Date Published: July 27, 2017
Publisher: Public Library of Science
Author(s): Pierre Mornand, Catherine Verret, Philippe Minodier, Albert Faye, Marc Thellier, Patrick Imbert, David Joseph Diemert.
Malaria is a leading cause of imported febrile illnesses in pediatric travelers, but few studies have addressed severe imported pediatric malaria. We aimed to determine the risk factors and the features of imported pediatric severe malaria.
We conducted a retrospective, descriptive study using the French National Reference Center for Imported Malaria database, in children aged 0–15 years who were hospitalized with a falciparum malaria from January 1st 1996 to December 31th 2005.
Of 4150 pediatric malaria cases included in the study, 3299 were uncomplicated and 851 (20.5%) were severe. Only one death was recorded during this period. Predictors for severe falciparum malaria were: age <2 years (OR = 3.2, 95% CI = 2.5–4.0, p <0.0001) and a travel in the Sahelian region (OR = 1.7, 95% CI = 1.3–2.0, p = 0.0001). Of 422 severe malaria cases, a stay in a Sahelian region, lack of chemoprophylaxis, age <2 years or thrombocytopenia <100 x 10^3/mm^3 predicted adverse outcomes. Except for the hyperparasitemia threshold of 4%, the main WHO 2000 criteria for severe malaria reliably predicted adverse outcomes. In our study, the threshold of parasitemia most predictive of a poor outcome was 8%. In imported pediatric malaria, children younger than 2 years deserve particular attention. The main WHO 2000 criteria for severity are accurate, except for the threshold of hyperparasitemia, which should be revised.
According to the World Health Organization (WHO), malaria-related mortality has declined significantly for a decade. However in 2014 malaria was responsible for about 438,000 deaths worldwide, mostly children under 5 years of age living in sub-Saharan Africa .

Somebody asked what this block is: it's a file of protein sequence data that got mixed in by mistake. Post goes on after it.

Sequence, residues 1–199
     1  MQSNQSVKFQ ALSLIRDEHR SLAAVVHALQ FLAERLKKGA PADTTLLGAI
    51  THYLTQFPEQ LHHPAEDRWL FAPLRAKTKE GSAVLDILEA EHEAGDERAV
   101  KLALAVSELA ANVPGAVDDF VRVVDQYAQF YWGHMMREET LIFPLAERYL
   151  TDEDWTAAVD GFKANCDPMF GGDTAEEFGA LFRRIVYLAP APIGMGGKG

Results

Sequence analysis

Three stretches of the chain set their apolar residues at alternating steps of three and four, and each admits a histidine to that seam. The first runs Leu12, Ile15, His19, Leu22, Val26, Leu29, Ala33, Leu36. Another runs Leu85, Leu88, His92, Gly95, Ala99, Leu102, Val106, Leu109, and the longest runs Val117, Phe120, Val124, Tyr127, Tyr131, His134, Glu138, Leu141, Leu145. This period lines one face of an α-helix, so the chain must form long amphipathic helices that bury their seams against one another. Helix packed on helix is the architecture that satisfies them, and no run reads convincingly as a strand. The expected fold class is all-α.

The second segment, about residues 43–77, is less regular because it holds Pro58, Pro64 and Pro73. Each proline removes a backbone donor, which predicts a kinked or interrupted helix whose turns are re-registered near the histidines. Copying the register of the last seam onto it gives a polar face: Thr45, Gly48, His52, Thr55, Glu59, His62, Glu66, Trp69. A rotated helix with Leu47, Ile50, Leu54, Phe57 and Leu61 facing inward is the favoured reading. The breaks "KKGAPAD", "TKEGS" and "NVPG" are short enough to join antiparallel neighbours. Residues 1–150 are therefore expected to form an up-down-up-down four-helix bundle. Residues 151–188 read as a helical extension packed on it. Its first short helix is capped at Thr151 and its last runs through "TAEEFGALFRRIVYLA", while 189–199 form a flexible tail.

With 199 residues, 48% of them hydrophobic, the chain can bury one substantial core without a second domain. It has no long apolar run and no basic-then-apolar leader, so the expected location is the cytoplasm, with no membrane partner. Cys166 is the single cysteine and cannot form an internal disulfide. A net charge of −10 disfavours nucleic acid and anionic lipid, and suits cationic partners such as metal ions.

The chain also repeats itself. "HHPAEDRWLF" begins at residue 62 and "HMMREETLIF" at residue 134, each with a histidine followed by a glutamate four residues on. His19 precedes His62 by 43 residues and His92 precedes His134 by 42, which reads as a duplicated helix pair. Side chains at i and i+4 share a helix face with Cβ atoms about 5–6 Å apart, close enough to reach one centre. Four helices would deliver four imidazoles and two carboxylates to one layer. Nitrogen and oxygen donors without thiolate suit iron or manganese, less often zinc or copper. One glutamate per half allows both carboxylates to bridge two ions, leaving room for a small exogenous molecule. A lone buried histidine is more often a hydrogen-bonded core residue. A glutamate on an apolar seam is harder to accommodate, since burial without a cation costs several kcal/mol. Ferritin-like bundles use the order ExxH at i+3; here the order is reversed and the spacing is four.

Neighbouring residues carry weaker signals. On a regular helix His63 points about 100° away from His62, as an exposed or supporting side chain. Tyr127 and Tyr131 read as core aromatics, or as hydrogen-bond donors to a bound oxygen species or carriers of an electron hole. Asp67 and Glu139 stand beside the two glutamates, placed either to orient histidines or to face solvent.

Very few data are available on severe pediatric imported malaria. To our knowledge, this study is the largest ever reported.
Among children with malaria after a stay in endemic zones, those at risk for severe malaria are likely to be infants, had visited a Sahelian country, missed chemoprophylaxis, or to present with thrombocytopenia <100 x 10^3/mm^3. Conversely, mixed Plasmodium species infection are protective against severe malaria. Among severe cases, a stay in Sahel, absence of chemoprophylaxis, age <2 y, presence of the major 2000 WHO criteria of severity, parasitemia 8% or a thrombocytopenia <100 x 10^3/mm^3 were relevant prognostic factors. This study provides important information to help practitioners in the evaluation and management of severe imported pediatric malaria in France. However these findings should be confirmed by prospective studies. Source: http://doi.org/10.1371/journal.pone.0180758